The Dusting of Alonso
Once you smell burning flesh you never forget it. It penetrates your nose and throat with a semi-sweet, pungent odor reminiscent of boiling fat and burned kidney. It leaves a haunting film of humanity on your skin and clothes that lingers for days, almost impossible to wash off.
That’s what I smelled long before I got to Adujar a small town half way between Madrid and Seville. I had been following Alonso de Hojeda the Dominican monk who had convinced Queen Isabel to authorize the Tribunal of the Holy Office of the Inquisition two years earlier in 1478. I suspected he was one of the UnDead, a UD, recently reanimated and possessed by a demon. If I could get close enough to verify my suspicion I planned to dust him.
From the edge of town I could see the glow from the fires against the dark moonless night sky. I raised the collar of my coat to cover my nose and mouth filtering out some of the sickening smell. I weaved my way through the dark and dusty streets of Adujar toward the center of town where I’d been told I could find lodging at the Cerveza, a small tavern. The burning stakes served as a beacon to guide me much like the Christians that Nero burned on the streets of Rome almost 1300 years ago. That was when I first smelled burning flesh something in the intervening centuries I have run across all too frequently.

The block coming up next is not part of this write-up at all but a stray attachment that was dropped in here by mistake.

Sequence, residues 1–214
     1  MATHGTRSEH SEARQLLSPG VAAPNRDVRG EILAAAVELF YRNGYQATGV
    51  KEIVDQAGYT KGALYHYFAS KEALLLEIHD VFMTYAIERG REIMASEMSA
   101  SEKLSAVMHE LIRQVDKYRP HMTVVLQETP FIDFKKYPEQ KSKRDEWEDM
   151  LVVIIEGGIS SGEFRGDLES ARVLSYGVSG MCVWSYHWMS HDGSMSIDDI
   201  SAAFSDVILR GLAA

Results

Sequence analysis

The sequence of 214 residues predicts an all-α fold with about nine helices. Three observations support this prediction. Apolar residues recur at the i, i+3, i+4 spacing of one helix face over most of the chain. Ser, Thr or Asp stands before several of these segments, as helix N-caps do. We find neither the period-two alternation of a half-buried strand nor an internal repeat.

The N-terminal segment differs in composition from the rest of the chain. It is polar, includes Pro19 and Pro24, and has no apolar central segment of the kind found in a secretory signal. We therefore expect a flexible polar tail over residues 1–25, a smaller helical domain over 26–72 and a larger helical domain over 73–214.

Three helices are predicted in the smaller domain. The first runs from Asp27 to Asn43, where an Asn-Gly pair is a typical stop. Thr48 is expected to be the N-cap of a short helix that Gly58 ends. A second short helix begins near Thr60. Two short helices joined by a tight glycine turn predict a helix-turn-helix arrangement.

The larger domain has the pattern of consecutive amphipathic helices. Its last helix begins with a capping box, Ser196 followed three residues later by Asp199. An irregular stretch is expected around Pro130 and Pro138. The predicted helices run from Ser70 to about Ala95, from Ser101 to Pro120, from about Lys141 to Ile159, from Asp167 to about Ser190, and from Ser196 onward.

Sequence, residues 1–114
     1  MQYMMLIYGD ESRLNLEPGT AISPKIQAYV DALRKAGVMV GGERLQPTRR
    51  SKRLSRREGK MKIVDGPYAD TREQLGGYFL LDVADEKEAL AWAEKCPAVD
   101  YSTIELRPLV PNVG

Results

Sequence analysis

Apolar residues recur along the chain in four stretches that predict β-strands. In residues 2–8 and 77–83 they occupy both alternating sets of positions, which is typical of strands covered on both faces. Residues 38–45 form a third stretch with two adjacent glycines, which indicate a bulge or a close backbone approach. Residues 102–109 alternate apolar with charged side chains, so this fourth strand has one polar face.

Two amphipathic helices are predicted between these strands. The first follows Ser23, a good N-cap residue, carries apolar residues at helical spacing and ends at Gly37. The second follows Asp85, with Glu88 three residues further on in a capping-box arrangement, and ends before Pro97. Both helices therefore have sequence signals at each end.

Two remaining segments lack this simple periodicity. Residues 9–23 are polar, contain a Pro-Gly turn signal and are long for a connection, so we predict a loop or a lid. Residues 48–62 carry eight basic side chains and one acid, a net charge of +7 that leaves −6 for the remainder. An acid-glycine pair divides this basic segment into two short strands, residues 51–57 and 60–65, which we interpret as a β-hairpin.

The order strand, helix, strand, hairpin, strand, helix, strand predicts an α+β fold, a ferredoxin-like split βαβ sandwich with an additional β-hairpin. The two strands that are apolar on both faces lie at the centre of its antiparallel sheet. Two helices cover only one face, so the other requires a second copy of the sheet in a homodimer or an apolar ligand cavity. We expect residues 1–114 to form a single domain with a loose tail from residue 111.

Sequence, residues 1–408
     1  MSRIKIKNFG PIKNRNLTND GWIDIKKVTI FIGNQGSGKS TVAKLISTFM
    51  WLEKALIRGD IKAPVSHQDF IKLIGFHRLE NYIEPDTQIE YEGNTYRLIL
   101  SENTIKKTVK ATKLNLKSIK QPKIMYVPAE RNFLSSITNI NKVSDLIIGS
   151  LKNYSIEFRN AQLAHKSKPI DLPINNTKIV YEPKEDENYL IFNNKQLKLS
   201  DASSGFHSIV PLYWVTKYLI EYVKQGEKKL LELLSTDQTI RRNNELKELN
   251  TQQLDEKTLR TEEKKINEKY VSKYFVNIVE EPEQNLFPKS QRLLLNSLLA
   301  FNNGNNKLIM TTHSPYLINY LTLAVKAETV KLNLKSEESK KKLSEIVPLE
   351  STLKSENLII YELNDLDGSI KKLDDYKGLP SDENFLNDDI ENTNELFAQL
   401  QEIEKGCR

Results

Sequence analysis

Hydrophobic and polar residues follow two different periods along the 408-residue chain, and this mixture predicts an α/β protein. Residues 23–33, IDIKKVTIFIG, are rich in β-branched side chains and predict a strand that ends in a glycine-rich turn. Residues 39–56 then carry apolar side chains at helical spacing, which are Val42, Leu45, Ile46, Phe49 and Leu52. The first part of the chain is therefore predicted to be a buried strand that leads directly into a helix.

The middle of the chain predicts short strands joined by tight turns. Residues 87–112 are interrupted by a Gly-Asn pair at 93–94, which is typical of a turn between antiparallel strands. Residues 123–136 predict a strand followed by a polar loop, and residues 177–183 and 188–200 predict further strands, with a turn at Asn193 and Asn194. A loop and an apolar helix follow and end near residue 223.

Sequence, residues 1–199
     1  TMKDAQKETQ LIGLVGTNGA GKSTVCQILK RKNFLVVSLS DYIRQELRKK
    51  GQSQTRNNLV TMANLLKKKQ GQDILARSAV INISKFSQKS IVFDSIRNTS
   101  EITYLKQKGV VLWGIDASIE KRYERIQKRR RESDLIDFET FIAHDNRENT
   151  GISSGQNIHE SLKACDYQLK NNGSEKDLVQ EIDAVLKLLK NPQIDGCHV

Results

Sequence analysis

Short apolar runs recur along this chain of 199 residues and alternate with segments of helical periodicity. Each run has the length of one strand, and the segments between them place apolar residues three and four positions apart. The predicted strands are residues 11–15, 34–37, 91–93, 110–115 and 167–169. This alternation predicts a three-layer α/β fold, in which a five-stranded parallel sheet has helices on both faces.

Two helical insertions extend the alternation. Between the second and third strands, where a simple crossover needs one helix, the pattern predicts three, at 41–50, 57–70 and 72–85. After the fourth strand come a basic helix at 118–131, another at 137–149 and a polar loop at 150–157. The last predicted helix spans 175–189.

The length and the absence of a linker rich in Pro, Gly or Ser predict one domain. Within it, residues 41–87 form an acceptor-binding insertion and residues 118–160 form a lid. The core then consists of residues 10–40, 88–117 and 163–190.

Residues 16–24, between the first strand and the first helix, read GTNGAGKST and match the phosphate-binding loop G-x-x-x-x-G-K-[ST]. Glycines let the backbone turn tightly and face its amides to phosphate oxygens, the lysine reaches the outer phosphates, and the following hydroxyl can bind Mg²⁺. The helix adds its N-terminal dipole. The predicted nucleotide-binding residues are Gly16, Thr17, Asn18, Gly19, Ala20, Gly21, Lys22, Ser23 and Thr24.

I found the Cerveza a block down from the center of town. I paused before three large stakes still burning at the base, clear human forms attached to poles engulfed in flames. I said a prayer for their innocent souls as I thought about that day. The day I stood on the hill and watched Jesus die just a week after He had raised me from the dead. I shook my head in equal parts anger and disappointment that we still could kill so easily.
I entered the tavern. The place was full. A burning always attracts a crowd, a thirsty crowd, just the type of crowd that is full of information and lose tongues. I found a table with two very talkative men.
“Mind if I sit here, I just came in from Madrid and I’m tired and thirsty. In fact, let me buy all of us something to drink.”
The one on my right was short and stocky with long brown hair and a scar on his chin. “Sure, if you’re buying. My name is Abundio and this is my friend Ignacio.
I nodded to Ignacio. He smiled back. Like Abundio he was short but there the resemblance ended. He was thin with a narrow face and very dark complexion. He was the younger of the two. “Thanks, my name is Lazarus.”